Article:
The Galápagos Islands are an archipelago of volcanic islands along the Equator in the Pacific Ocean, 563 miles west of Ecuador. The islands are known first and foremost due to Charles Darwin’s studies which helped form the theory of evolution and natural selection. They are considered one of the world’s foremost destinations for wildlife-viewing. Its isolated terrain shelters a diversity of plant and animal species, many of which are found nowhere else. The Galápagos Islands and their surrounding waters form the Galápagos Province of Ecuador, the Galápagos National Park, and the Galápagos Marine Reserve.
Volcanic activity has been continuous on the Galápagos Islands for at least 20 million years and perhaps even longer.
The Galápagos Island group consists of 18 main islands, 3 smaller islands, and 107 rocks and islets. While the older islands have disappeared underwater as the sea levels rose, youngest islands, Isabela and Fernandina, are still being formed. During the most recent volcanic eruption in April 2009 lava from the volcanic island Fernandina started flowing both towards the island’s shoreline and into the center caldera. Two of the main islands that are worth the visit are Santa Cruz and Isla Isabela.
go site Santa Cruz (Indefatigable) Island
Given the name of the Holy Cross in Spanish, its English name derives from the British vessel HMS Indefatigable. It has an area of 381 sq miles and a maximum altitude of 2834 ft. Santa Cruz hosts the largest human population in the archipelago, mostly in the town of Puerto Ayora. The Charles Darwin Research Station and the headquarters of the Galápagos National Park Service are located here. The GNPS and CDRS operate a tortoise breeding center (Called the Giant Tortoise Breeding Centre, naturally :D) where young tortoises are hatched, reared, and prepared to be reintroduced to their natural habitat. The Highlands of Santa Cruz offer exuberant flora, and are famous for their lava tunnels. Large tortoise populations are found here most notably in Black Turtle Cove. It is surrounded by mangroves, which sea turtles, rays and small sharks sometimes use as a mating area. Cerro Dragón, known for its flamingo lagoon, is also here, and along the trail one may see iguanas foraging. Visiting Charles Darwin station and The Giant Tortoises Breeding Centre is one of the highlights of my visit.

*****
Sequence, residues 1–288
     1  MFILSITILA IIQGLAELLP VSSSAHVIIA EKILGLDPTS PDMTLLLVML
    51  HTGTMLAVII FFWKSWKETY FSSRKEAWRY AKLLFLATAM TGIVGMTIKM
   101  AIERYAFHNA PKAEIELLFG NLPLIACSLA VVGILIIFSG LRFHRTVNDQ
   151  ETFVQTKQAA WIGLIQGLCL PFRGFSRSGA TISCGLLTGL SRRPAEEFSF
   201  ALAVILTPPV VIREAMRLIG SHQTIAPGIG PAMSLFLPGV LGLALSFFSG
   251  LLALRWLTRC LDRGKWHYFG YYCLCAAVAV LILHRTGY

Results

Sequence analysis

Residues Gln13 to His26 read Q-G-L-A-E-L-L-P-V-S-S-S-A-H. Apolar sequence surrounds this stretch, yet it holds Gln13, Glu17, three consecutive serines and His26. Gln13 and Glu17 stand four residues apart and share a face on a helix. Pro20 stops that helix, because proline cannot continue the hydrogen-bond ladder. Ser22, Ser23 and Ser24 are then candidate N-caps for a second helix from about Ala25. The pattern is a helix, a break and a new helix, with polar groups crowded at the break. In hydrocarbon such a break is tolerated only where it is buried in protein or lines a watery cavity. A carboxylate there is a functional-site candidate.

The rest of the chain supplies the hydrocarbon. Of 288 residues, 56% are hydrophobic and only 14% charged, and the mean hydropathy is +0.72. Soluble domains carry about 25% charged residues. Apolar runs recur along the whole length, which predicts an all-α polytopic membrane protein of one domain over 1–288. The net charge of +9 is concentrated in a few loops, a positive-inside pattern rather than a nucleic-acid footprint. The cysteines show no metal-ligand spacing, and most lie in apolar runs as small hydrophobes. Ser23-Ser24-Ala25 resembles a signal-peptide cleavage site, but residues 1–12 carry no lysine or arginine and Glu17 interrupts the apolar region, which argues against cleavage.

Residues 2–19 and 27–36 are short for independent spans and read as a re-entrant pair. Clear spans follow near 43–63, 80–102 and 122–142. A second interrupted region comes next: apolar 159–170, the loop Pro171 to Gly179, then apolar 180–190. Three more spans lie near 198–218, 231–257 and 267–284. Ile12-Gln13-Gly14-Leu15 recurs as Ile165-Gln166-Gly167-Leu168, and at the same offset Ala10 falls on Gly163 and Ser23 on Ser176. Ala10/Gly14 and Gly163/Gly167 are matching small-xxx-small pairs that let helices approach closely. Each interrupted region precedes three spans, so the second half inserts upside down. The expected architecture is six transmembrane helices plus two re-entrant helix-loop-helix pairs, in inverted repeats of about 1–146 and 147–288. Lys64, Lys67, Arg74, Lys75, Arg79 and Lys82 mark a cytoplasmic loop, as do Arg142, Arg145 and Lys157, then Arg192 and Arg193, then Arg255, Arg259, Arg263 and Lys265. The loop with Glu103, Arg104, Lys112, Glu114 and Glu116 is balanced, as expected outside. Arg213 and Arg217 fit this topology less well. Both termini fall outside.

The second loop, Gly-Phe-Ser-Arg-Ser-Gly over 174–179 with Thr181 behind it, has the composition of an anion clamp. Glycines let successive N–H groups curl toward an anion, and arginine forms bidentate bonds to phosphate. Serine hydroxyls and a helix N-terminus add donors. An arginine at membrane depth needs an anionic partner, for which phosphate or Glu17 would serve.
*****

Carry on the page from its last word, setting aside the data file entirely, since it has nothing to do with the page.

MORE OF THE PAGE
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This island was named in honor of Queen Isabela. With an area of 1,792 sq miles, it is the largest island of the Galápagos. Its highest point is Volcán Wolf, with an altitude of 5,600 ft. The island’s seahorse shape is the product of the merging of six large volcanoes into a single land mass. On this island, Galápagos penguins, flightless cormorants, marine iguanas, pelicans and Sally Lightfoot crabs abound. At the skirts and calderas of the volcanoes of Isabela, land iguanas and Galápagos tortoises can be observed, as well as Darwin finches, Galápagos hawks, Galápagos doves and very interesting lowland vegetation. The third-largest human settlement of the archipelago, Puerto Villamil, is located at the southeastern tip of the island. It is the only island to have the equator run across it. It is also the only place in the world where a penguin can be in its natural habitat in the Northern Hemisphere. Isabela Island is great to visit if you only have limited amount of time on the islands. Here you can snorkel in the Lava Tunels with white tip sharks and giant marine tortoises, observe Galapagos penguins and Blue Footed Boobies and explore another giant tortoises breeding center. We spent about 4 days here but if we had the chance, I would definitely have stayed longer. Just walking down the beach is an adventure as you stumble between marine iguanas and giant crabs. In the nearby lagoon on the way to the breeding center, you can observe several flamingos. Besides the obvious wildlife watching tours you can always go hike Sierra Negra Volcano and learn little bit more about the volcanic creation of these islands.
In 1959, the 100th anniversary of Charles Darwin’s publication of The Origin of Species, the Ecuadorian government declared 97.5% of the archipelago’s land area a national park, excepting areas already colonized. The Charles Darwin Foundation (CDF) was founded the same year. Several species found only in the Galapagos are sadly endangered. These include Galápagos land and marina iguanas, Galápagos penguin, Galápagos Giant Tortoise, Flightless cormorant, Blue-footed booby and Galápagos sea lion.
Introduced plants and animals, such as feral goats, cats, and cattle, brought accidentally or willingly to the islands by humans, represent the main threat to Galápagos. Quick to reproduce and with no natural predators, these foreign species decimated the habitats of the indigenous wildlife. The native animals, lacking natural predators on the islands, are defenseless to introduced predators.
There are over 700 introduced plant species today. There are only 500 native and endemic species. This difference is creating a major problem for the islands and the natural species that inhabit them. These plants have invaded large areas and eliminated endemic species in the humid zones of San Cristobal, Floreana, Isabela and Santa Cruz. Some of the most harmful introduced plants are the guayaba, avocado, hill raspberry, various citrus (orange, grapefruit, lemon) and the elephant grass.
So if you ever visit these amazing islands, just remember that Leave No Trace rules apply here. With so many tourists visiting each year, it is very hard for the locals to protect the fauna and flora. Oh and don’t try to smuggle iguanas and penguins outside of the islands (this actually happened) , you will get caught!